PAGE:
subarch
Defines optimizations for your CPU. The subarch is set at the time the stage3 is built, but can be changed later to better settings if necessary. Be sure to pick a setting that is compatible with your CPU.
flavor
defines the general type of system, such as server or desktop, and will set default USE flags appropriate for your needs.
mix-ins
define various optional settings that you may be interested in enabling.

One arch, build and flavor must be set for each Funtoo Linux system, while mix-ins are optional and you can enable more than one if desired.

Remember that profiles can often be inherited. For example, the desktop flavor inherits the workstation flavor settings, which in turn inherits the X and audio mix-ins. You can view this by using epro:

(chroot) # # epro show

=== Enabled Profiles: ===

        arch: x86-64bit
       build: current
     subarch: intel64-haswell
      flavor: desktop
     mix-ins: gnome


=== All inherited flavors from desktop flavor: ===

                     workstation (from desktop flavor)
                            core (from workstation flavor)
                         minimal (from core flavor)

=== All inherited mix-ins from desktop flavor: ===

                               X (from workstation flavor)
                           audio (from workstation flavor)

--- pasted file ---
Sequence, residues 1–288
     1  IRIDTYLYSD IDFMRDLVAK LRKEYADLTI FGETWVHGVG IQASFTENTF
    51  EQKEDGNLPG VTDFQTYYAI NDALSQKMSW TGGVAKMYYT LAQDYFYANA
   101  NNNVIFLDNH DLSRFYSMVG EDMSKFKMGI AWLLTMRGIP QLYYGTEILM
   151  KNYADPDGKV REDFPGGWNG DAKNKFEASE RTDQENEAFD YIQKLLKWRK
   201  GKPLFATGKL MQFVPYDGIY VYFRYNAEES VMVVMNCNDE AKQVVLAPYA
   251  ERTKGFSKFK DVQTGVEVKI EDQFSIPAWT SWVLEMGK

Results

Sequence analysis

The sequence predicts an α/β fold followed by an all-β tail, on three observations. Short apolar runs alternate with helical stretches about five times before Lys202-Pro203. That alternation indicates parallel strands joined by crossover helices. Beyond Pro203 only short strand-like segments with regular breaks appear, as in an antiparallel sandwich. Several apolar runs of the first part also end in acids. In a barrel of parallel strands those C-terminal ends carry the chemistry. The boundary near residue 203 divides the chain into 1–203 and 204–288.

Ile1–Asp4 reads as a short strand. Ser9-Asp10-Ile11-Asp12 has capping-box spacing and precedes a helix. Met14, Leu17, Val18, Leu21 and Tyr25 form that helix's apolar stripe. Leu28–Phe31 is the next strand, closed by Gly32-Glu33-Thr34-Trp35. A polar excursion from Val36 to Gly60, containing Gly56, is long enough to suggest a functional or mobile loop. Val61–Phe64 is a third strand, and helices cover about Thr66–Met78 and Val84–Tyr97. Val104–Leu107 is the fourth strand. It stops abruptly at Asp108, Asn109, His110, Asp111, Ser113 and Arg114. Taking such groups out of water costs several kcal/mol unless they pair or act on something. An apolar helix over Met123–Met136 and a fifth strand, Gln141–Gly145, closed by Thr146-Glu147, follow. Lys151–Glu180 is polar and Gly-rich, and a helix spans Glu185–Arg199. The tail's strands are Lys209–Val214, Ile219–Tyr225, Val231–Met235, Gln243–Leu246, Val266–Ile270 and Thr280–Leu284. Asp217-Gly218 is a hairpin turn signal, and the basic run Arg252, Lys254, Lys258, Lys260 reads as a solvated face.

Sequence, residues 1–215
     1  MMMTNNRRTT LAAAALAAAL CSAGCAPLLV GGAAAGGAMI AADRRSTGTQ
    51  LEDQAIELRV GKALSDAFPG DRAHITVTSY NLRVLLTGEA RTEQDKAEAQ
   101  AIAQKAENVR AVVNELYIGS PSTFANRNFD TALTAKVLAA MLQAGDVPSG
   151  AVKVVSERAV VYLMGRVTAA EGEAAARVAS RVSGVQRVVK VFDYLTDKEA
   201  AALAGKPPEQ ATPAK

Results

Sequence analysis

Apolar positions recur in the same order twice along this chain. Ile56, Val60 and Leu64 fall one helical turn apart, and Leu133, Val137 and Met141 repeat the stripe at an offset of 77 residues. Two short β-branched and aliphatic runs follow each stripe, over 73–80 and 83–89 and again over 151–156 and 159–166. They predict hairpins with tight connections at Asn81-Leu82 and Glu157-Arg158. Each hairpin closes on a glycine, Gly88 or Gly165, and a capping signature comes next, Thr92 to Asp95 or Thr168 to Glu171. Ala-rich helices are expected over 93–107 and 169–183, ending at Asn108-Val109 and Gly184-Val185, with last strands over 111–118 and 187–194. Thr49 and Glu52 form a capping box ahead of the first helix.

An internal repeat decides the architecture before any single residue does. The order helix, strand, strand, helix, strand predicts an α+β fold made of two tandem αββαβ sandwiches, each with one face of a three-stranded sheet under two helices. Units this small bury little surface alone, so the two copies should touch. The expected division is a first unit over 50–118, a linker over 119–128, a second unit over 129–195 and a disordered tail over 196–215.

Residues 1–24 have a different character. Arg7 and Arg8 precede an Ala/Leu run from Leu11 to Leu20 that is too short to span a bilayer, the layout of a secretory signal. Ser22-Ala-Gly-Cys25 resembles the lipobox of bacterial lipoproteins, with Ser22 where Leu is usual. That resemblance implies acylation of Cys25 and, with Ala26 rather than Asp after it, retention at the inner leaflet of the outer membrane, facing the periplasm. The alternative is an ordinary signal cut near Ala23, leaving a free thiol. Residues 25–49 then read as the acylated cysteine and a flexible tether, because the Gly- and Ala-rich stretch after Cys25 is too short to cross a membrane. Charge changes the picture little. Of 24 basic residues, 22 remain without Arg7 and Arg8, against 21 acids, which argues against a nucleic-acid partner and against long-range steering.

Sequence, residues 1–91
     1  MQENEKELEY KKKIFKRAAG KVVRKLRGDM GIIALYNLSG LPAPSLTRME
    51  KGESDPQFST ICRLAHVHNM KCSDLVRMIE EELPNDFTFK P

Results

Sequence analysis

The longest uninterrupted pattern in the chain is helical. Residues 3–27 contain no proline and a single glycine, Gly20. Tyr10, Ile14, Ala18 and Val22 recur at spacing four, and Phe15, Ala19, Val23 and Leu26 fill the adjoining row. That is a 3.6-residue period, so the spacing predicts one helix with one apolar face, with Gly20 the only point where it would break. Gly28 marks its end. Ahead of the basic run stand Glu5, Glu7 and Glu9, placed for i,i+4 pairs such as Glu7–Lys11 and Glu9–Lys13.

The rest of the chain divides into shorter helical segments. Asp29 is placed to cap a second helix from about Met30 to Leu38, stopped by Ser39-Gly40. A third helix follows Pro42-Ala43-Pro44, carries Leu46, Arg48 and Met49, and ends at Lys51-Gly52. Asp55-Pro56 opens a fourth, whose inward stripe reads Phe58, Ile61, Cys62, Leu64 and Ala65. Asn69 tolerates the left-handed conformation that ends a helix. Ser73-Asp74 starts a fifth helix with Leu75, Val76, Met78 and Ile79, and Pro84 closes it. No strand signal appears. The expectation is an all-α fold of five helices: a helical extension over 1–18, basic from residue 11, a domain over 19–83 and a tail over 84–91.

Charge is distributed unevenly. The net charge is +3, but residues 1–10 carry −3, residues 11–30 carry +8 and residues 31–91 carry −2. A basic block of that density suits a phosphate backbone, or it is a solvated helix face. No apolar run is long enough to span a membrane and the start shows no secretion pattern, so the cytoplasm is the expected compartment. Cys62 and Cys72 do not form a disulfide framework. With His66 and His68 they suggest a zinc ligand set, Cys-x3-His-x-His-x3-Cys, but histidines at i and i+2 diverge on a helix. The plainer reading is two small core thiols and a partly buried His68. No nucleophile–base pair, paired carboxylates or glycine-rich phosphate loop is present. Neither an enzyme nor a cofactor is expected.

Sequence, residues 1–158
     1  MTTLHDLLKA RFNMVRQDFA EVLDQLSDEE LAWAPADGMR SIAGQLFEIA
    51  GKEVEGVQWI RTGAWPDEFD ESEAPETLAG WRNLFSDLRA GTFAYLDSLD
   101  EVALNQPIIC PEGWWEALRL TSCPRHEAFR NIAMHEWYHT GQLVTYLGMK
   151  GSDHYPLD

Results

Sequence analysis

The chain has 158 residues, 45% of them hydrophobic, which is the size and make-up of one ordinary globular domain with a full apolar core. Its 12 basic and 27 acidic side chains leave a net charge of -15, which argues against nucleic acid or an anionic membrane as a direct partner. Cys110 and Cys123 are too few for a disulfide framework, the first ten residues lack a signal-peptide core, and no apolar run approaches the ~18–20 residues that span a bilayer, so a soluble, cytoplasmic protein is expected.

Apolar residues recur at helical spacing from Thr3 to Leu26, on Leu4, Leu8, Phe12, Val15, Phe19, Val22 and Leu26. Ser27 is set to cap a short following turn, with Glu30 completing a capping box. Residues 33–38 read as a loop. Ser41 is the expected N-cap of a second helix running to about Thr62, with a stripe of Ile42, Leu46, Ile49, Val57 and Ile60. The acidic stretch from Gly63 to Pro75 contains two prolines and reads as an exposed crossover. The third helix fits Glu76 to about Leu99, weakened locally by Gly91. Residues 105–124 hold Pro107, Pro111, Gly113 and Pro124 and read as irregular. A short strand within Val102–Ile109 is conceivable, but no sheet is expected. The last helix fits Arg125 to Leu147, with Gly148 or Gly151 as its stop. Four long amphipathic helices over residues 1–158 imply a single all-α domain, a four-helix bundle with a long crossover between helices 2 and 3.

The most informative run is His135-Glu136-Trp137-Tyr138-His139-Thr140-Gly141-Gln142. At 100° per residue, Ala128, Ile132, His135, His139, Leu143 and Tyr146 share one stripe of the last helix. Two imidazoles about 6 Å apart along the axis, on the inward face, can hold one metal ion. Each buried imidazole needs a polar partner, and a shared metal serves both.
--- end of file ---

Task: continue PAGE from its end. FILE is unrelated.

dvd (from workstation flavor)
                           media (from workstation flavor)
      mediadevice-audio-consumer (from media mix-in)
                mediadevice-base (from mediadevice-audio-consumer mix-in)
      mediadevice-video-consumer (from media mix-in)
                mediadevice-base (from mediadevice-video-consumer mix-in)
        mediaformat-audio-common (from media mix-in)
          mediaformat-gfx-common (from media mix-in)
        mediaformat-video-common (from media mix-in)
                  console-extras (from workstation flavor)
                           print (from desktop flavor)


To view available profiles:

(chroot) # epro list


Enabled profiles will be highlighted in cyan. Directly enabled profiles will be in bold and have a * appended.

To change the profile flavor:

(chroot) # epro flavor desktop


To add a mix-in:

(chroot) # epro mix-in +gnome